Much of the African heritage got lost because, among other things, they were denied the right to practice their religious rituals. The question of whether the ‘black' music would survive or not, all depended on whether the slave was sold to a British (Protestant) or a Latin (Roman Catholic) colony. It seems obvious that the African music had better terms of living in the Latin colonies.
It was usually strictly forbidden to practice these ‘heathen customs' in the Protestant colonies.

A great deal of the West-African music heritage survived, in spite of the suppression
it was carried forward from generation to generation, through attitude and habits, gestures and movements.

The slaves met different ethnic groups in the Southern States, and there is reason to believe that the Blacks gradually picked up features from English and French folk songs, from ballads, Jewish songs and Indian music.
The European folk hymns dominated the religious music in the 1700s and the 1800s.
Because of this meeting between new ethnical groups. the Blacks gradually developed new work songs and religious songs. At the same time they managed to preserve their old culture anti traditions.

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Work Songs

The supervisors allowed, and even encouraged, the slaves to sing. The singing contributed them to overcome the monotony in the work out on the field, in a way it raised the work ethic. This was how the concept ‘plantation songs' started. The work song did not only function as a stimulant, where the rhythm of the song subsidized the work-rhythm, but also as a news channel. This was the only way the slaves could talk to each other during work; by singing.
Here, in the songs, the slaves learned about topical occurrences, narratives and the word of God.
The new work songs that came into being among the Blacks in America, were the foundation for the later to be known Afro American music.
The Gospel Music had its fountain in the Work Songs.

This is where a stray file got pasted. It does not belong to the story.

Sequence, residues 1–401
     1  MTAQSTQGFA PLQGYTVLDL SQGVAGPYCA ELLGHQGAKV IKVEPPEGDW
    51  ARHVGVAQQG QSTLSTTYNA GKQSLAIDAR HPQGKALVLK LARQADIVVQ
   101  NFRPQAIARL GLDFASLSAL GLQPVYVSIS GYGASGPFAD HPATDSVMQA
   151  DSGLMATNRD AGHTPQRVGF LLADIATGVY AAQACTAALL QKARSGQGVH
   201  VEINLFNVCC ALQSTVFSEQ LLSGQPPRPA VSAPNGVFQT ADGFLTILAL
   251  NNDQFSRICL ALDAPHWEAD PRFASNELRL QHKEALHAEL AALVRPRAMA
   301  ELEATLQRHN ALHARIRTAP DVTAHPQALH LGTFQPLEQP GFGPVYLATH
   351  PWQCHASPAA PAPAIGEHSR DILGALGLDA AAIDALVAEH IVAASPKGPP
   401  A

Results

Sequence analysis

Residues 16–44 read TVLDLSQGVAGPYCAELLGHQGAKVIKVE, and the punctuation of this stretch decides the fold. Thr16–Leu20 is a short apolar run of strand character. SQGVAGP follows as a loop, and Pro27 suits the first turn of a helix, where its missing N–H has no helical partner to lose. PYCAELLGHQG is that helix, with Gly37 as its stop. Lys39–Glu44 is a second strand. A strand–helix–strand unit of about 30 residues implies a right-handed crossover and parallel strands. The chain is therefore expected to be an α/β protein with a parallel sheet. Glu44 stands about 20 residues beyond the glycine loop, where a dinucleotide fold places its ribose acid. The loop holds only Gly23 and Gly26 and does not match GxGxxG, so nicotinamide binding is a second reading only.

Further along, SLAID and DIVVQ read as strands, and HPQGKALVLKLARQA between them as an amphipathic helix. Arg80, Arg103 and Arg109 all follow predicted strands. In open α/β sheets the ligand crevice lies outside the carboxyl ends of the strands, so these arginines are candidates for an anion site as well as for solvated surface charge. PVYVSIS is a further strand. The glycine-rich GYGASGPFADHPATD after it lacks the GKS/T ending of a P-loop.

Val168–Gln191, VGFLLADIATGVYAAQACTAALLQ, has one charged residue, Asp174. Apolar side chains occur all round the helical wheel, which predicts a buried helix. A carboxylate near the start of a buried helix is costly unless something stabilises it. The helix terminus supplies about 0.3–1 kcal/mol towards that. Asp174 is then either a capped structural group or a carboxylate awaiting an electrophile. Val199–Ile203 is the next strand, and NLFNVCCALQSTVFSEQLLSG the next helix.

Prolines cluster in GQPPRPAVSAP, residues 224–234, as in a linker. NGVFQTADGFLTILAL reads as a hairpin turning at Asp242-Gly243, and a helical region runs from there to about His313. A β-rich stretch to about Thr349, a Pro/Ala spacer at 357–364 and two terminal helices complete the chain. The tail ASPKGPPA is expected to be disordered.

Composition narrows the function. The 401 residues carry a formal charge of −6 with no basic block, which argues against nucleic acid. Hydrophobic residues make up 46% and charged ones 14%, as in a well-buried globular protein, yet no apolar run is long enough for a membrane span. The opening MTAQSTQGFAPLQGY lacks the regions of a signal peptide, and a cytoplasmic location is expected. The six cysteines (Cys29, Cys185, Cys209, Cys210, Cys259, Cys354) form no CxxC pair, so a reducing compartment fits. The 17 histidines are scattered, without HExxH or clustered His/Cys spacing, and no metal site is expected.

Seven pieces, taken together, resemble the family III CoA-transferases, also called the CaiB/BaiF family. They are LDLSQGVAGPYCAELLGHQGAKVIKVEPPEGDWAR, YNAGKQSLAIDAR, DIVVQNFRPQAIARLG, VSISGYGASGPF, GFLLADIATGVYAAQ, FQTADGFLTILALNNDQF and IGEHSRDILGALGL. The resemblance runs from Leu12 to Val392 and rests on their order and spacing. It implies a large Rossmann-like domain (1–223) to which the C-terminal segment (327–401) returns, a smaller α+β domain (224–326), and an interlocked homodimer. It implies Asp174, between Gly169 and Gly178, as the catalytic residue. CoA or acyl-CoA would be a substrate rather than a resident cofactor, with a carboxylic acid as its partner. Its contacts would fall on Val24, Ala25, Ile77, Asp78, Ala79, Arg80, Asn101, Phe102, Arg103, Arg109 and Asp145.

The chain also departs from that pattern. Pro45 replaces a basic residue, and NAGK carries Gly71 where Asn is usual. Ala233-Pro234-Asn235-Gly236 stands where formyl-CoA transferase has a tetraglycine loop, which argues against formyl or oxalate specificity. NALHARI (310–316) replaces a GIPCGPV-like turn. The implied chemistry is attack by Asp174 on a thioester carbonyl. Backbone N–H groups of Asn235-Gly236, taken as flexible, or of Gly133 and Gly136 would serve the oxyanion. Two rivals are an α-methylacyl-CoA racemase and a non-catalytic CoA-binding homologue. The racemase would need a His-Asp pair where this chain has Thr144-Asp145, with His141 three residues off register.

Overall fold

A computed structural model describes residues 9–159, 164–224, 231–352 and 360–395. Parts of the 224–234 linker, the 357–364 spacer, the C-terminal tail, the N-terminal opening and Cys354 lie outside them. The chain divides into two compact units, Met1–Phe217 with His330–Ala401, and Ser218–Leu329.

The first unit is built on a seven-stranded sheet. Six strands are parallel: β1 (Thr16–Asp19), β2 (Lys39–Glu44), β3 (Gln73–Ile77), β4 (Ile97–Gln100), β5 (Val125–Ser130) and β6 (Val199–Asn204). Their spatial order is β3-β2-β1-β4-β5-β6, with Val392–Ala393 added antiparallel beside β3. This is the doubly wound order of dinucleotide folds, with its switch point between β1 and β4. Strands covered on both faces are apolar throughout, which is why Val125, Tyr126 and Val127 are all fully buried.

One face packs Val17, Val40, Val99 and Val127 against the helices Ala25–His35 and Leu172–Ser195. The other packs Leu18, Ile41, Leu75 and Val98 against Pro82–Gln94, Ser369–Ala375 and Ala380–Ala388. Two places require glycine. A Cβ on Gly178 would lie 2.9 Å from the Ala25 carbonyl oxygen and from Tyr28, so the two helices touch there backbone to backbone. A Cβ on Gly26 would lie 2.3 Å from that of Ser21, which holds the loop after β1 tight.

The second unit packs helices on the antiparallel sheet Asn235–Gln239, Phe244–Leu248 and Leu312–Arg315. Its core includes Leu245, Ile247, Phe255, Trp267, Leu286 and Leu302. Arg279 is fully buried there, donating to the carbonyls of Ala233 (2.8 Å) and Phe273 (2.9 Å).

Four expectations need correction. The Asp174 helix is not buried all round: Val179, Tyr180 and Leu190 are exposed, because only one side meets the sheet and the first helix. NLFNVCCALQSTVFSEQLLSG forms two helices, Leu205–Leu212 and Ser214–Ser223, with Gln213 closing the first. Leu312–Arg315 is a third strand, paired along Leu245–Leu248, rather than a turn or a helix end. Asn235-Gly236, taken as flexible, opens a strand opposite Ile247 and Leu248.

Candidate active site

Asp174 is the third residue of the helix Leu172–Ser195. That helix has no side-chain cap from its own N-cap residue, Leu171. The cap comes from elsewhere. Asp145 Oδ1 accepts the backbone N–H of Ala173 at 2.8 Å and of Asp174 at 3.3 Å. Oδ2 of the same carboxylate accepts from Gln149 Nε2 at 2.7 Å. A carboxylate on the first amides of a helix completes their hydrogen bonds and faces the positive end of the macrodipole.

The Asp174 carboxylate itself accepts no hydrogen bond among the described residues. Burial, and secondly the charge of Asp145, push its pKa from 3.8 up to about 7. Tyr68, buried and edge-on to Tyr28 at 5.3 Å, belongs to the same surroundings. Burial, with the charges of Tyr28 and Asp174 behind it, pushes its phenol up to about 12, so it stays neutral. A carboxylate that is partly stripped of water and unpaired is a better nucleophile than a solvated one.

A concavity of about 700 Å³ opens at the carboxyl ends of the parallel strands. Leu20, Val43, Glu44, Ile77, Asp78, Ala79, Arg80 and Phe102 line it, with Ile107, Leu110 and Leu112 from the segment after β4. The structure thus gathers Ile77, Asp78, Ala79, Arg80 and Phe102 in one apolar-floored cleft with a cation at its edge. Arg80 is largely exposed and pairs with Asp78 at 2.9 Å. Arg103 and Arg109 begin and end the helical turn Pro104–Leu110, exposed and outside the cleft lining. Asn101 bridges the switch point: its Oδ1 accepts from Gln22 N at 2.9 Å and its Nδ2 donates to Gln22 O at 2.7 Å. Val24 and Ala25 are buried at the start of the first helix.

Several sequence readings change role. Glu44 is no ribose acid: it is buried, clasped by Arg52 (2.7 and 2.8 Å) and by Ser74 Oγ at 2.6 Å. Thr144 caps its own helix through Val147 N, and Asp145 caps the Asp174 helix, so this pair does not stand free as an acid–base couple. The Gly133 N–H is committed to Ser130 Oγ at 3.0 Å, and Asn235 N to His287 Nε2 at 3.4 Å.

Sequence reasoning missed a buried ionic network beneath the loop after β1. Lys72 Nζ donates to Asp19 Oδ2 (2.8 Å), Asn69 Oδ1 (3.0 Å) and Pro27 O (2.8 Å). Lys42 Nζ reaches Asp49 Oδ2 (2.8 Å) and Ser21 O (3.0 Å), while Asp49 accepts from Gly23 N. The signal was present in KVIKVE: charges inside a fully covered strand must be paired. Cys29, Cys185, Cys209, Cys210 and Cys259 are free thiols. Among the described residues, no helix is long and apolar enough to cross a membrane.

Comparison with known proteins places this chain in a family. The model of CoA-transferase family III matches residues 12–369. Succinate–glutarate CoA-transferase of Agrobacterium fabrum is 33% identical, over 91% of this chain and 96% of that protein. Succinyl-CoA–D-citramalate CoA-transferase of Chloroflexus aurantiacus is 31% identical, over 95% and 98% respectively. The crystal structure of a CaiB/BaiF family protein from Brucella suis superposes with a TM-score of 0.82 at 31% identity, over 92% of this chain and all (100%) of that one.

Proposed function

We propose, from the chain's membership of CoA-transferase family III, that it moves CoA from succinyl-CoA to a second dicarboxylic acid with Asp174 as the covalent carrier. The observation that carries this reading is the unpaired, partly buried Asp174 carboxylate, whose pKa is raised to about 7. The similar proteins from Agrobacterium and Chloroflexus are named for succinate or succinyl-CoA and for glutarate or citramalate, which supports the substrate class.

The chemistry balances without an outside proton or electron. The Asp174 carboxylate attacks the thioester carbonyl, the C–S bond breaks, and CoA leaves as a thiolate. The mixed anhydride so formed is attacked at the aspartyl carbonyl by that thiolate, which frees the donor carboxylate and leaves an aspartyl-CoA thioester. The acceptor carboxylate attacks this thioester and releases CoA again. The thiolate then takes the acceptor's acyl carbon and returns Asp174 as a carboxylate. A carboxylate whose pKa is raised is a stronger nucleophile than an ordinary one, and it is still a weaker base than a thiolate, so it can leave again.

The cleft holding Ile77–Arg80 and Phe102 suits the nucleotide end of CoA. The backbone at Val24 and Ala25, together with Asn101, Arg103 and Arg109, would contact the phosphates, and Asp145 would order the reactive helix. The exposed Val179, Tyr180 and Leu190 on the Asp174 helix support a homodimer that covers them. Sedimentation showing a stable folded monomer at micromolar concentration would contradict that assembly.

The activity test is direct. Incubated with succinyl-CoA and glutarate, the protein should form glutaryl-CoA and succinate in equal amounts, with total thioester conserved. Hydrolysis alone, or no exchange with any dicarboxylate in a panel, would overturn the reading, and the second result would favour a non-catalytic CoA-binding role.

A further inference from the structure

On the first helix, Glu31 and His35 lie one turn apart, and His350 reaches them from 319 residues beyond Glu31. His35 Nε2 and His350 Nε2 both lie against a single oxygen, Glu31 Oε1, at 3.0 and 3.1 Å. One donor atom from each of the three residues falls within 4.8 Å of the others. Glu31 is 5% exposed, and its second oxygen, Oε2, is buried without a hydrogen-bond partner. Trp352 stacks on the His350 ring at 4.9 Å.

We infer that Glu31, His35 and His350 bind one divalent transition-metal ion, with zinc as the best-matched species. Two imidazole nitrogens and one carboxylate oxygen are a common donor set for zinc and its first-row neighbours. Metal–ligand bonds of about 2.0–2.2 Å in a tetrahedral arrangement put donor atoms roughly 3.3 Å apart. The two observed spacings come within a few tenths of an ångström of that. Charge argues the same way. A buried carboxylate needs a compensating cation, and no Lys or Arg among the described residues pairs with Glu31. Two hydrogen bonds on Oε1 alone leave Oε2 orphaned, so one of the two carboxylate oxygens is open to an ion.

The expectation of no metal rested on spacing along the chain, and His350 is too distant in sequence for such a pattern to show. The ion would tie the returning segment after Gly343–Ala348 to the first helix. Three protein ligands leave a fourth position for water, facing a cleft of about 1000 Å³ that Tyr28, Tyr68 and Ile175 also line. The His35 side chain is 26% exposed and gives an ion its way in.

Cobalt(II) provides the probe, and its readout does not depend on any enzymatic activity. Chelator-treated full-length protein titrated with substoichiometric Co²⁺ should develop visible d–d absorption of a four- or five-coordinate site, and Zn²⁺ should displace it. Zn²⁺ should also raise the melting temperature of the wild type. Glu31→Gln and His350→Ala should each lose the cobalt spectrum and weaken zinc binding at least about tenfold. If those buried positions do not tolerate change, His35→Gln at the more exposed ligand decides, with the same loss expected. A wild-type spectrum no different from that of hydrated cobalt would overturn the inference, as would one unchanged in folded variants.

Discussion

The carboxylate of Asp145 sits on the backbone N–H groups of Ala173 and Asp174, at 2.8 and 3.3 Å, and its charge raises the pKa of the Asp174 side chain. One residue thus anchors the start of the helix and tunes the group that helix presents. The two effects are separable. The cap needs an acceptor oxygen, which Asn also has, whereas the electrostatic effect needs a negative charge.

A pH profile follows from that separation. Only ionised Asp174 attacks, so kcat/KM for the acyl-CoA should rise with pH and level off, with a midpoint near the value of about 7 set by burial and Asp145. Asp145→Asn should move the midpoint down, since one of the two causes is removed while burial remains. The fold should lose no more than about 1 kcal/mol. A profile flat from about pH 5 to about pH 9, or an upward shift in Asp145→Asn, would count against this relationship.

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Another West-African music tradition that survived in the new country, was the Ring-shouts. Through its rhythm and free display, these songs gave valuable impulses to the new American music. The ring-shouts still exists in some parts of the US.
The West-African ring-shouts survived only by a coincidence. The definition of the Protestant prohibition against dance was that you crossed your legs, but, luckily, you didn't do this activity in the dance!
The American music expert Alan Lomax describes the ring-shouts like this:

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Spirituals and Calypso

An interesting factor in the meeting between West-African and European music took place on the West Indian islands, especially on Haiti, Cuba, Trinidad and the Bahama-islands.
We find a different form of Negroid religious songs on Jamaica and the Bahama-islands.
This is the so-called "Calypso-Spiritual". These songs remind us of Negro spirituals. The calypso was originally a song-dance from Trinidad.
The text was often sung on "Pidgin -English", and it usually dealt with political and social topics.
Today, Calypso is normally presented by steel bands. The instruments they are using are empty oil drums.
Here you'll find an example of the rhythmical pattern that characterizes Calypso:

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Negro Spirituals

Negro Spirituals are, next to jazz, the most familiar form of black music.
"Spirituals" mean spiritual ballads, with motives from the Bible. The songs symbolize the Blacks' religious beliefs.
The songs also became an effectual remedy to make the world aware of the Black's horrible situation. More than 600 Negro Spirituals are known at present time, whereof 260 are published.

The experts of music are not sure of when and where the Negro Spirituals "came to life." Some think that they were created from "'The Empty Space"by some kind of spontaneous ignition in the Black's mind.
They claim, that the music came to life from a latent music inheritance 3 and nothing else.